http://www.fsis.usda.gov/News_&_Events/Recall_101_2011_Release/index.asp

(((Learn more Here))) http://www.naturalnews.com/034515_ecoli_beef_recalls.html#ixzz1i59dTqnX

Occupy GMOs: Protesters Block Access to Manufacturing Plant Filled With Animal 'Frankenfeed'

http://www.naturalnews.com/034196_GMOs_protests.html

Saturday, November 19, 2011 /// by: Jonathan Benson, staff writer

(NaturalNews) Tired of the quiet import and use of genetically-modified organisms (GMOs) in the animal food supply throughout Europe, a group of protesters in France has decided to make a statement by blockading the entrances of the Glon Sanders animal feed plant in Saint-Gerard, Morbihan, France. The company's more than 200 employees have been unable to come to work for some time now, which means that production has stopped at the plant, and its offices remain empty.

Most of Europe is staunchly opposed to GMOs in general, which is why they are hardly ever sold there, and why they must be properly labeled if they are. But GMOs have been furtively making their way into the European food supply via animal feed, which is often laced with GM soy, corn, and other contaminated ingredients thanks to labeling loopholes that permit "non-GMO" livestock to consume GM feed.....

(((Continue Reading this article Here))) http://www.naturalnews.com/034196_GMOs_protests.html

Monsanto partners with USAID to push GM corn in Nepal

http://www.naturalnews.com/034203_Monsanto_Nepal.html

Sunday, November 20, 2011 /// by: Jonathan Benson, staff writer

(NaturalNews) The southeast Asian country of Nepal is once again having to fight against foreign interests that are trying to take over its agricultural system. Biotechnology giant Monsanto apparently has its sights set on bringing genetically-modified organisms (GMOs) to this sliver of a country just north of India, and it is allegedly working with the United States Agency for International Development (USAID), a so-called humanitarian group, and officials in Nepal to make it happen.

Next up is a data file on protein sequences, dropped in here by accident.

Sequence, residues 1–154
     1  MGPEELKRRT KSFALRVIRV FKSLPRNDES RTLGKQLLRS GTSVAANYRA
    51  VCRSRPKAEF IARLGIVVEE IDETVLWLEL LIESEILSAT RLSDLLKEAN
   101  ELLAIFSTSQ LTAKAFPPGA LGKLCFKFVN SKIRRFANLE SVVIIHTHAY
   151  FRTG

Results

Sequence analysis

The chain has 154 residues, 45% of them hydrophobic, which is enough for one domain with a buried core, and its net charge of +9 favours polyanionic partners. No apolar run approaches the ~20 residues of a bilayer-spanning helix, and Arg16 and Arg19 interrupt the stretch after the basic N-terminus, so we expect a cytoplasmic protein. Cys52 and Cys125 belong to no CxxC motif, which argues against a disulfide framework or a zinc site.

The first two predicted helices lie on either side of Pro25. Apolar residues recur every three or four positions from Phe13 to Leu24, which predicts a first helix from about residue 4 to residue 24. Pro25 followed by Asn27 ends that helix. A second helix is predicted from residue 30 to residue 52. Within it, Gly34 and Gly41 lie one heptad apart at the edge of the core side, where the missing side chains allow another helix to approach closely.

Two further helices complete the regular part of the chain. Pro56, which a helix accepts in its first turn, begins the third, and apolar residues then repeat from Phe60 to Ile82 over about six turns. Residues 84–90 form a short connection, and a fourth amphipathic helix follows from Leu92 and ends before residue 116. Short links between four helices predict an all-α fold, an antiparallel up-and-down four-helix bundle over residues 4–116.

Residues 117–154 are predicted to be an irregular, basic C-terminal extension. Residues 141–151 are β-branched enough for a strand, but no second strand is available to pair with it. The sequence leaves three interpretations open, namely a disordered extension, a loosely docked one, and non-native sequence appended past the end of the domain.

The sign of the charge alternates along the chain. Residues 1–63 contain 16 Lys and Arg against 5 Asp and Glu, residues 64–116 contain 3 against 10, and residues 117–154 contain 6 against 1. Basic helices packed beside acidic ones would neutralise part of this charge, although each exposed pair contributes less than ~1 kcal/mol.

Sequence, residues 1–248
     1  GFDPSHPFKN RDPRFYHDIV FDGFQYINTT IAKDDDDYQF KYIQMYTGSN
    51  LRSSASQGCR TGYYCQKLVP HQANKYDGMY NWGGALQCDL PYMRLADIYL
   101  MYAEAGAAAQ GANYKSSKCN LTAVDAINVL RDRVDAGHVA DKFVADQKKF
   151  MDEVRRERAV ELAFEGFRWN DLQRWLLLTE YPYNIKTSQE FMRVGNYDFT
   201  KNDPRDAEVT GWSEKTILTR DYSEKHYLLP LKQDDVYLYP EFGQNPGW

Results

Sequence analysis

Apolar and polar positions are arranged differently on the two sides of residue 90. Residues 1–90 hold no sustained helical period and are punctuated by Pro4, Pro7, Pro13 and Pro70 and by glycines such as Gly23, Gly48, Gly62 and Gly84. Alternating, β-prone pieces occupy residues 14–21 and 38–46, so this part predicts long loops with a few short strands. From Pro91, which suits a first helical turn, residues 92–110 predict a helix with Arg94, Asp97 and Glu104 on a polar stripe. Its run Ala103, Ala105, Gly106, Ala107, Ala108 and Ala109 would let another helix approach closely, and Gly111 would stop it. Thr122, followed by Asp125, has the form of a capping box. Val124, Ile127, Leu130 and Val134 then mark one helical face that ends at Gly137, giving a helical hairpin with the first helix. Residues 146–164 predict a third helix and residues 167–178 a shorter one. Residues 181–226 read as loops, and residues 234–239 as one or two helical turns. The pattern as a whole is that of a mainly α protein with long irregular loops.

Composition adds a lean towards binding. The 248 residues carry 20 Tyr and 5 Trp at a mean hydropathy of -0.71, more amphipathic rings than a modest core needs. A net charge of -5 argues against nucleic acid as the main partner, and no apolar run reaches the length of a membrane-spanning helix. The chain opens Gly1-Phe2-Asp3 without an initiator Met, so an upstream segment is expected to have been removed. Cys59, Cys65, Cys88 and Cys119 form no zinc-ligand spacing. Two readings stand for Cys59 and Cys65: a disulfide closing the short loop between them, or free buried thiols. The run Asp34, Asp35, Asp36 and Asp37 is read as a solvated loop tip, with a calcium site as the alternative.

USAID issued a statement on Sept. 13, 2011, saying that it had partnered with Nepal's Ministry of Agriculture and Cooperatives (MoACs) and Monsanto to "promote hybrid maize (corn) seeds among 20,000 farmers of Chitwan, Nawalparasi and Kavre districts and provide training to them." Media across Nepal quickly picked up on the story, and massive public outcry ensued.

GMOs are not widely cultivated in Nepal, and the country has always taken a very cautious approach to adopting them. In fact, when it was discovered that some GMO ingredients had potentially already contaminated the nation's food supply back in 2003, government officials quickly made precautionary recommendations at the time to require GMO labeling on all food items.

But with multinational corporations and the US government working overtime to force GM corn on Nepali farmers, Nepal appears to be getting pushed to the brink of no return. Though Nepal still imports some of its corn from elsewhere, the country is having no problems with the conventional, organic, and heirloom varieties it currently cultivates, and has no need whatsoever for GM varieties.

Since the controversy erupted, Nepali officials have reportedly backed off from the plan. Hari Dahal, joint secretary at MoACs, told reporters recently that his agency had "no idea why USAID issued the statements saying that the Ministry of Agriculture and Cooperatives was partnering with Monsanto" because "no agreement had been signed."

USAID was a little more ambiguous about whether or not MoACs was specifically involved in the matter, but the agency did make it very clear that it is working with Monsanto to promote GMOs around the world, including in Nepal. And based on the way Monsanto continues to thrust GMOs on the people of India just to the south, there is no doubt that the biotech giant is doing the same thing to people of Nepal as we speak.

Sources for this article include

http://www.nepalitimes.com/issue/2011/11/8/Nation/18676

http://www.allheadlinenews.com/articles/90064942?Monsanto%20focus%20of%20controversy%20in%20Nepal%20over%20hybrid%20maize